Friday, May 22, 2015

Washoe Lake State Park, Nevada Via Lake Tahoe

 

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It was another early departure for us on Tuesday, hooked up and leaving Glory Hole Recreation Area before 9:30. Based on advice from a friend we decided to head east on 88 over 8,600’ Carson Pass and rain was predicted after 11. Just before we got to the pass it started raining lightly but we drove out of it. We were a little concerned about the road becoming icy since it was so cold. There are lots of forest service campgrounds along the way but not even a consideration in this kind of weather.

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It was a pretty drive and the road was not bad considering the elevation gain and loss.

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Since we’d never been before we decided to spend a night at a Passport America park in South Lake Tahoe, CA to check it out. It was only in the 40s and rain was in the forecast but we got to Tahoe Valley RV Resort before it began. I forgot to take photos but remembered the next morning as we were pulling out. Sites are squeezed in among the pines on the dirt. The only “resort” feature we took advantage of was the laundry, which was cheap and adequate, so we got that out of the way.

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We decided to go for a walk to see if we could find the lake, which looked to be fairly close, but it started raining and we realized we were actually at least a couple miles from the water so we turned back and got the car. Found a park to the east where it was not raining and a pleasant trail along the lake.

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This appears to be a really bike friendly area, with trails and bike lanes everywhere, although it is probably so crowded in the summer it wouldn’t be much fun.

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The next morning we took off for a short drive to Washoe Lake State Park near Carson City, Nevada. Paul and Nina (Wheeling It) recommended this park, and I called to see if we would have any trouble getting a site before the holiday and was assured it should not be a problem. Probably because there is not a drop of water in the lake right now, but water or not, as soon as we drove in we knew we were going to like it here. Huge sites, 360 views, and very few people. It reminds us of our favorite park, McDowell Mountain in Arizona, minus the saguaro cactus.

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The rain began shortly after we arrived but it cleared up a couple hours later so we managed to take a hike on the beach trail, through the lake, and back over the dunes.

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Jim standing in the middle of dry Washoe Lake.  

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Being a shallow lake (only 12’ when full), and depending on snowpack for its water, of which there was little this year, it is not uncommon for the lake to dry up. Apparently it’s happened several times since the 70s.

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Terry and LuAnn (Paint Your Landscape) arrived here yesterday, being driven out of Lee Vining by the weather, and just as they got here we had a phone call from our Lazy Daze friends Robin and Lydia from Ridgecrest, wondering where we were. They were on their way up 395 heading to Santa Rosa and thought we might be along their route. So they ended up stopping here for the night and we had a nice visit with them and their new kitten last evening. Never know who we’ll run into, even in what feels like the middle of nowhere.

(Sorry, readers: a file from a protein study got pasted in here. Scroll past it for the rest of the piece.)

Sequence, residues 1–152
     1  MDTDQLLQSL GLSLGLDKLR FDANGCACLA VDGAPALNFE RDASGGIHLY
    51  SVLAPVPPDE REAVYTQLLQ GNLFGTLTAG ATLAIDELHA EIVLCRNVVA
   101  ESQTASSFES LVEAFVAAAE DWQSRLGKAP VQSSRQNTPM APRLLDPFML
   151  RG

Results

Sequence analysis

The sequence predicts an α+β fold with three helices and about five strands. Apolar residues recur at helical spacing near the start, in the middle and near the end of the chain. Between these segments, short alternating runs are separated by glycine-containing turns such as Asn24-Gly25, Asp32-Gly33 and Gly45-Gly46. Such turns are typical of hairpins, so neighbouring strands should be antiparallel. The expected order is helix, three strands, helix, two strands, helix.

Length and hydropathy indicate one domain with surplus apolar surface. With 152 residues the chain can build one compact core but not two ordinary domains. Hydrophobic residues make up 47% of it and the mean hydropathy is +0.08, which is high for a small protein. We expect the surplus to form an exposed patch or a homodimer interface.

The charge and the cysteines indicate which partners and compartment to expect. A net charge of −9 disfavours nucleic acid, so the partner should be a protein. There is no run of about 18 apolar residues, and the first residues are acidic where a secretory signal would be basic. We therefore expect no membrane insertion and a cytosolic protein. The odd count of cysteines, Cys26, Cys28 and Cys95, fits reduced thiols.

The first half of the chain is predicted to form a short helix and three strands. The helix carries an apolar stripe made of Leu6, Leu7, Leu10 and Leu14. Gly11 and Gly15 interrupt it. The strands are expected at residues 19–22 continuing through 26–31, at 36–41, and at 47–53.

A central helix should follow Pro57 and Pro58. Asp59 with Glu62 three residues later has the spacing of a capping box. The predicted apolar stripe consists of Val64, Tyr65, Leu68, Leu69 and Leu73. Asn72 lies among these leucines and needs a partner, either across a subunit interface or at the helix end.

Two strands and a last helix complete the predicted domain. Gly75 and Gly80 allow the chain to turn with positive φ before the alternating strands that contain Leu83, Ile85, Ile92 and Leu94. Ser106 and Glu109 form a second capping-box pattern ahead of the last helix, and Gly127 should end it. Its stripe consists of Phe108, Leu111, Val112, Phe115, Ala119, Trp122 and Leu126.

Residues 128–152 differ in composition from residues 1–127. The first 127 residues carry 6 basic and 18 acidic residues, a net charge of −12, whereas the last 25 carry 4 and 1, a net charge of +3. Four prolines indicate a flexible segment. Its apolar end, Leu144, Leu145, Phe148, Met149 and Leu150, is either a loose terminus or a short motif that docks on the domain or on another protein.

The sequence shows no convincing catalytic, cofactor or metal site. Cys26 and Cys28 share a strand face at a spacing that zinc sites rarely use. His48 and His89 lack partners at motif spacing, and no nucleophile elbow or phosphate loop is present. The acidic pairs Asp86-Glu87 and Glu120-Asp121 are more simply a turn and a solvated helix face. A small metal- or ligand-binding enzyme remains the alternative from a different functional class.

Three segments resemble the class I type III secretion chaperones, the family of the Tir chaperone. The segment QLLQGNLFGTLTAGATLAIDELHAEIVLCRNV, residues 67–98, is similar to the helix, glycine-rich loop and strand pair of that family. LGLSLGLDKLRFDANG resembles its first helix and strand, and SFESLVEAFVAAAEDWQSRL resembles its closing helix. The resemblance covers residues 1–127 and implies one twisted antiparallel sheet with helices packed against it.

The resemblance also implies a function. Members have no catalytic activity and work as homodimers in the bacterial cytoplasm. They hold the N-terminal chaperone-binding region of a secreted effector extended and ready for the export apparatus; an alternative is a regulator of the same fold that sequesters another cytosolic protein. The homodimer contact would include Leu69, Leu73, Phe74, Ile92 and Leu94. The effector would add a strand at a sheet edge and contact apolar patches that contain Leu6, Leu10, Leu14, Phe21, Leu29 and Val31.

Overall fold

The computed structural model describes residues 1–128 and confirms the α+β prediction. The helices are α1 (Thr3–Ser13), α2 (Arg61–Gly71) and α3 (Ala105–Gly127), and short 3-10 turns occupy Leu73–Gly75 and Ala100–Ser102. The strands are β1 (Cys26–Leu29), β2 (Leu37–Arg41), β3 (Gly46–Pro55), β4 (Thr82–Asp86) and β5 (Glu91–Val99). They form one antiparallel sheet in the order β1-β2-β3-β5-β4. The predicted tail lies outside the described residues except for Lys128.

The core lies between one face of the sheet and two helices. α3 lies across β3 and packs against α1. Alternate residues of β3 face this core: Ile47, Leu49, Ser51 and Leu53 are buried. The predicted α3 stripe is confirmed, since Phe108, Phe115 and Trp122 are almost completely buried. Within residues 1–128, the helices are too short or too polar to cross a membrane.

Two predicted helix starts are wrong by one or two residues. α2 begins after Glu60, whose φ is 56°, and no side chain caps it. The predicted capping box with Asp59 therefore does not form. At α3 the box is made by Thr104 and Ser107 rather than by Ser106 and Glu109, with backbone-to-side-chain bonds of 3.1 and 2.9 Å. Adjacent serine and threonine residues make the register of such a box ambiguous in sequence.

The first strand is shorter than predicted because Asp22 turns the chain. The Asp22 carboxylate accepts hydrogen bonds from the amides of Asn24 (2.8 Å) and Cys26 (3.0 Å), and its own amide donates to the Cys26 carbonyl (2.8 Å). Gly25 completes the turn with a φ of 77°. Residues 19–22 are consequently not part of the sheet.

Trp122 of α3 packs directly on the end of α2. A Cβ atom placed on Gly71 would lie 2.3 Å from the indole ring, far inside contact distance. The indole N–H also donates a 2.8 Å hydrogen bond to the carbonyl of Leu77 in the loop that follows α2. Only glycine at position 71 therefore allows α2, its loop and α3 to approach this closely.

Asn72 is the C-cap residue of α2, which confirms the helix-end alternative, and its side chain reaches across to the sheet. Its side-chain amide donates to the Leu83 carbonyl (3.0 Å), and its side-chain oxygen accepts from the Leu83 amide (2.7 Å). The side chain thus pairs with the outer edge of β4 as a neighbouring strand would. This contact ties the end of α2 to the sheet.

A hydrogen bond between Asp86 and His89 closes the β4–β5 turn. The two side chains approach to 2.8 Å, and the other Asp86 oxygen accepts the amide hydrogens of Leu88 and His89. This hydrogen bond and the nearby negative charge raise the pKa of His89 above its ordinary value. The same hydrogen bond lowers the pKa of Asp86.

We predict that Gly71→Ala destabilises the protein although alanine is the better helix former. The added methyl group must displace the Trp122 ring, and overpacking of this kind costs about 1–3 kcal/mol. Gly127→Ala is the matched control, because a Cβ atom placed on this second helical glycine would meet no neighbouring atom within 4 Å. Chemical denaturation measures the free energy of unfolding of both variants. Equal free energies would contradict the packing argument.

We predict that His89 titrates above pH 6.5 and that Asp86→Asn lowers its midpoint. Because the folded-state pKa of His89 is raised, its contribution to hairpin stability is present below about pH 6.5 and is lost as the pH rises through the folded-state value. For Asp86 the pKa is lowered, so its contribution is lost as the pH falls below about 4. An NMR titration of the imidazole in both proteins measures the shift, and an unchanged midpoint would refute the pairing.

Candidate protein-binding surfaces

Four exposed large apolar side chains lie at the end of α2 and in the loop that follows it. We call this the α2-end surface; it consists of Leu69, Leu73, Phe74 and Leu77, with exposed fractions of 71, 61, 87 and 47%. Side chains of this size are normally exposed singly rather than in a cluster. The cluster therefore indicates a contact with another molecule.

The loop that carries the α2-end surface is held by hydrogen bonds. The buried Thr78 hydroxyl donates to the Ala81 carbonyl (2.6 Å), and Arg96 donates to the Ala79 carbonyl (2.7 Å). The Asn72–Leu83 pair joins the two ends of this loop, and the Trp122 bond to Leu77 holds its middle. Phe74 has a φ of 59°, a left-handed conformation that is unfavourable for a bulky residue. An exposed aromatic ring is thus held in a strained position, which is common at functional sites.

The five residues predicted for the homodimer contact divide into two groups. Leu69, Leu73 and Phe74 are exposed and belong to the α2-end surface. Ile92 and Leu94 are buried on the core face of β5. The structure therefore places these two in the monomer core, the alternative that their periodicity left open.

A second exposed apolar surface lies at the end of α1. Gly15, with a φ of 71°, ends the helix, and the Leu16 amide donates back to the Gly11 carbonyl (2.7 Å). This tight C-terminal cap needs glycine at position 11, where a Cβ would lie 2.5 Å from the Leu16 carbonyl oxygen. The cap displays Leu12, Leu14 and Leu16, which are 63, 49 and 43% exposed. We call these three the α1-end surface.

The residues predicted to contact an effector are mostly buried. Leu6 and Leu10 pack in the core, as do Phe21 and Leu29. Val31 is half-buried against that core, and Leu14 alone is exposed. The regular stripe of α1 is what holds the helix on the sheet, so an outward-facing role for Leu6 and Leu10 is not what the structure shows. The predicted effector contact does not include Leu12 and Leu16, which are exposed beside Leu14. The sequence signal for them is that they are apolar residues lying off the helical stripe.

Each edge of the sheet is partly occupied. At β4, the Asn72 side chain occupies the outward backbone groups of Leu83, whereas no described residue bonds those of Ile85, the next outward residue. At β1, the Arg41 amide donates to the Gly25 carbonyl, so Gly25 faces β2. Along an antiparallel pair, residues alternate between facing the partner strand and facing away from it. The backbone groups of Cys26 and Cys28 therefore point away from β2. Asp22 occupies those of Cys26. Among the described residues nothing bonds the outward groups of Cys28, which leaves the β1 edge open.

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Monday, May 18, 2015

Glory Hole Recreation Area, Angels Camp, CA

 

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We headed out of Yosemite by 9:30 on Thursday morning with the threat of rain and/or snow looming overhead. Our new mifi device was waiting for us at the post office in the Mother Lode town of Sonora, CA, nearly eighty miles away. The most exciting part of the drive along 120 was coming down the one hundred plus curves and hairpin turns of Priest Grade, with me in the lead in the car. I was very glad we didn’t hook up. We spent that night at Marble Quarry RV Park in Columbia, just a few miles from Sonora. It’s a Passport America park and our site was actually quite nice for an RV park and the $22.50 price. It began to rain shortly after we arrived and continued all night so I failed to take any photos. We definitely timed it right getting out of Yosemite when we did.

It was only in the mid forties but after the post office we walked in the cold rain through historic downtown Sonora, a cute place with mostly antique and specialty shops, but Jim did buy a new pair of hiking pants in the outfitter store. The RV park happened to be located just a few blocks from Columbia State Historical Park so I suggested we stop on the way back. Jim stayed in the car while I donned my rain gear and wandered around the streets of the preserved California Gold Rush-era town, which looked more like a ghost town on this dreary day.

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The next day we were in search of a quiet place to relax and spend the weekend, so we drove 18 miles to Glory Hole Recreation Area on New Melones Lake, where we found a great campsite overlooking what’s left of the lake at 25% capacity.

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Jim had long grown tired of too many days of being parked in the forest, but I didn’t realize how much it was affecting my mood, also, until we got back in the wide open grasslands. Wild turkeys wander by frequently, there is an osprey nest with babies just at the end of our loop, and miles of trails, so we’ve hung around a couple more days.

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This area used to be part of the lake.